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Multidimensional characterization, Landau levels and Density of States in epitaxial graphene grown on SiC substrates


Using high-temperature annealing conditions with a graphite cap covering the C-face of, both, on axis and 8° off-axis 4H-SiC samples, large and homogeneous single epitaxial graphene layers have been grown. Raman spectroscopy shows evidence of the almost free-standing character of these monolayer graphene sheets, which was confirmed by magneto-transport measurements. On the best samples, we find a moderate p-type doping, a high-carrier mobility and resolve the half-integer quantum Hall effect typical of high-quality graphene samples. A rough estimation of the density of states is given from temperature measurements.


It is now widely accepted that graphene-based devices are promising candidates to complement silicon in the future generations of high-frequency microelectronic devices. To this end, the most favourable technique to produce graphene for industrial scale applications seems to be epitaxial graphene (EG) growth. This can be done by chemical vapour deposition on a metal [1, 2] or by heating a SiC wafer up to the graphitisation temperature [36]. In the first case, the disadvantage is the need to transfer the graphene film on an insulating wafer. In the second case, the SiC wafer plays the role of the insulating substrate without any need for further manipulation. Of course, to be suitable for the microelectronics industry, these EG layers must be continuous and homogeneous at the full wafer scale or, at least, on surfaces large enough to process devices.

On the Si-face of 6H or 4H SiC substrates, graphitisation at high temperature in an Ar atmosphere close to atmospheric pressure shows promising results for on-axis substrates. In this way, single-layer epitaxial graphene (SLEG) has already been grown at the full wafer scale [7, 8] but an open issue remains the 6√3 SiC surface reconstruction which is a C-rich buffer monolayer on top of the SiC substrate. The first "real" graphene layer on top of this buffer layer is strained, not at all free-standing, strongly coupled to the C-rich buffer, heavily n-type doped, with a low-carrier mobility. On the contrary, on the C-face of the same SiC substrates, there is no need of a C-rich buffer layer at the interface before growing the first graphene layer [912]. In this way, the mobility could reach 30,000 cm2/V s in the work of Ref. [13].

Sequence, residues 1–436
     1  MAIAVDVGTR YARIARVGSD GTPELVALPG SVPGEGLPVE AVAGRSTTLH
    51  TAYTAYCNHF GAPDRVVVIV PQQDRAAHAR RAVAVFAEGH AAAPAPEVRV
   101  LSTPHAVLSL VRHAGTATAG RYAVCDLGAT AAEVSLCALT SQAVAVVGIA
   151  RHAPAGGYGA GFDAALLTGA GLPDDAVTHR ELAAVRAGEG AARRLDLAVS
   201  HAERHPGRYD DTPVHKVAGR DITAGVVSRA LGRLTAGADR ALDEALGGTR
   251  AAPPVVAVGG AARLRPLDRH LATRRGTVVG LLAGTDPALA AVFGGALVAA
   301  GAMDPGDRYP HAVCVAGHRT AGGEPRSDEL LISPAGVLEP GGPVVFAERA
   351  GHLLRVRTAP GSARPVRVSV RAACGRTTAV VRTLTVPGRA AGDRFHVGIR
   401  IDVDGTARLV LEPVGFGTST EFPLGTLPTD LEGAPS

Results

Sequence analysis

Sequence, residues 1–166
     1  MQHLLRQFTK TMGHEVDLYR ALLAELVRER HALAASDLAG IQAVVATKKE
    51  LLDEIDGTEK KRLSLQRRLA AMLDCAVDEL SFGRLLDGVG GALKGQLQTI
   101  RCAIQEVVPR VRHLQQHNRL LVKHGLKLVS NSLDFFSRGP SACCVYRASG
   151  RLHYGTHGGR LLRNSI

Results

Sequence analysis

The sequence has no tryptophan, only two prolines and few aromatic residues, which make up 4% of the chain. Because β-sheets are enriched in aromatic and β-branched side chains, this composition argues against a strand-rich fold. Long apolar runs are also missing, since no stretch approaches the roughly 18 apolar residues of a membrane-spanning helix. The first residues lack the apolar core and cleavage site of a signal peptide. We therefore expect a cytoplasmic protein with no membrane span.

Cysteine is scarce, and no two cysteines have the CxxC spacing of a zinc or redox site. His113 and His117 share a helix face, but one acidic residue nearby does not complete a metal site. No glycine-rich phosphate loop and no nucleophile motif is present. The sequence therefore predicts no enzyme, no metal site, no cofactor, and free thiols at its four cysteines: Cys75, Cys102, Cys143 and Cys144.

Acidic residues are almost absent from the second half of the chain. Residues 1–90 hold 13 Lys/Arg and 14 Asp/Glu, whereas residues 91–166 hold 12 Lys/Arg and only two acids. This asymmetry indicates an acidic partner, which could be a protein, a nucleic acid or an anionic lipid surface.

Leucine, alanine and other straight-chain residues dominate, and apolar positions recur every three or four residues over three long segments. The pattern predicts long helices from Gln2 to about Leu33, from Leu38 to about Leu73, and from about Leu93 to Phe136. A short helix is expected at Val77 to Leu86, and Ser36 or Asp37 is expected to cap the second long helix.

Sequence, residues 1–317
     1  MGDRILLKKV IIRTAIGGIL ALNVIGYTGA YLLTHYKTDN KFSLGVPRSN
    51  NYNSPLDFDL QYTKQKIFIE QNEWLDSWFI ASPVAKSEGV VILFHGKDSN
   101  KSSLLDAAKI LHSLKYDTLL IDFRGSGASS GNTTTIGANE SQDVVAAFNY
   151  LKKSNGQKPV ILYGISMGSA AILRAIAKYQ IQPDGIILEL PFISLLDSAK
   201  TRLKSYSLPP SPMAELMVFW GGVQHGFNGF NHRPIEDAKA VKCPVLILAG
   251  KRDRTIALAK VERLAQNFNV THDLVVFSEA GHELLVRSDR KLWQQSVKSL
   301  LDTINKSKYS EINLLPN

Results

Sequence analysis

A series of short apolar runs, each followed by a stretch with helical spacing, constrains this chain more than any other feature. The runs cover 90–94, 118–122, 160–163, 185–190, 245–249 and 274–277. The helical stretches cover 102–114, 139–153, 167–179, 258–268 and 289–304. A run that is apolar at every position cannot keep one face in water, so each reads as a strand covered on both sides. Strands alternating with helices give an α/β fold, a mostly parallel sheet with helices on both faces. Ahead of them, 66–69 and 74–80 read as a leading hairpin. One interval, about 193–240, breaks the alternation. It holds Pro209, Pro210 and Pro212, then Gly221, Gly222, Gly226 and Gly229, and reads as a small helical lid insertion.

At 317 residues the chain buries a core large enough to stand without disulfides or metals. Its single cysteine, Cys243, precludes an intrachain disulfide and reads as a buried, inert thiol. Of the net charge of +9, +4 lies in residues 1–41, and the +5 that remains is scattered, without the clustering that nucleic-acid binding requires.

For a long time, whatever the growth technique, the uniformity and quality of the EG was not good enough to find evidence of the so-called "half integer" quantum Hall effect (QHE). However, recently, large SLEG areas have been produced on the C-face of on-axis SiC substrates and, on such monolayer graphene, the carriers were holes with mobility close to the one found in mechanically exfoliated graphene films on SiO2/Si [14]. Consequently, the QHE could be demonstrated [15]. This shows clearly the advantage and quality of SLEG grown on the on-axis C-face of a SiC wafer over the on-axis Si-face. However, for further integration of graphene with current SiC technology, 8° off-axis substrates should be also considered since they constitute the standard in modern SiC industry [16].

In this work, we compare the results of graphene growth on semi-insulating, on axis and and 8° off-axis, 4H-SiC substrates. The quality, uniformity and size of the growth products will be compared using optical microscopy (OM), scanning electron microscopy (SEM), atomic force microscopy (AFM) and micro-Raman spectroscopy (μR). Then, Hall effect measurements will be done at different temperature in order to extract the density of states in the epitaxial monolayers.

Graphene growth, microscopy and Raman studies

To produce SLEG, in both cases of on axis and 8° off-axis SiC substrates, we used the recipes of Ref.[12]. On the on-axis material, this produces long, self-ordered, graphene ribbons which are typically 5 μm wide and several 100 μm long. This has been described at length in the work of Ref.[16]. On the off-axis substrates, this resulted also on SLEG islands but the morphology is completely different This is shown in Figure 1. Instead of narrow ribbons, after 30 min graphitisation at 1700°C, large SLEG islands can be obtained which can reach 300 μm long and 50 μm wide for the biggest ones. See Figure 1a and 1b. They can have a trapezoidal or triangular shape, see Figure 1a-c and 1f and, usually, nucleate from a defect on the surface. See Figure 1e and 1f. This may be either an unintentional particle remaining on the surface, a crystallographic defect such as a threading dislocation or a simple scratch made by a diamond tip. Whatever the origin, the growth starts from one nucleating centre and expands in a two-dimension carpet-like way. All resulting triangles are then self-oriented, with the longest side following the (11-20) plane direction.

Figure 1
figure 1

SEM images of a monolayer graphene islands grown on the C-face of an 8° off-axis 4H-SiC substrate. (a, b) Images of the largest homogeneous SLEG islands, (c) early growth, (d) zoomed image with visible wrinkles, (e, f) example of starting nucleation point by a surface defect with step bunching clearly visible in (f).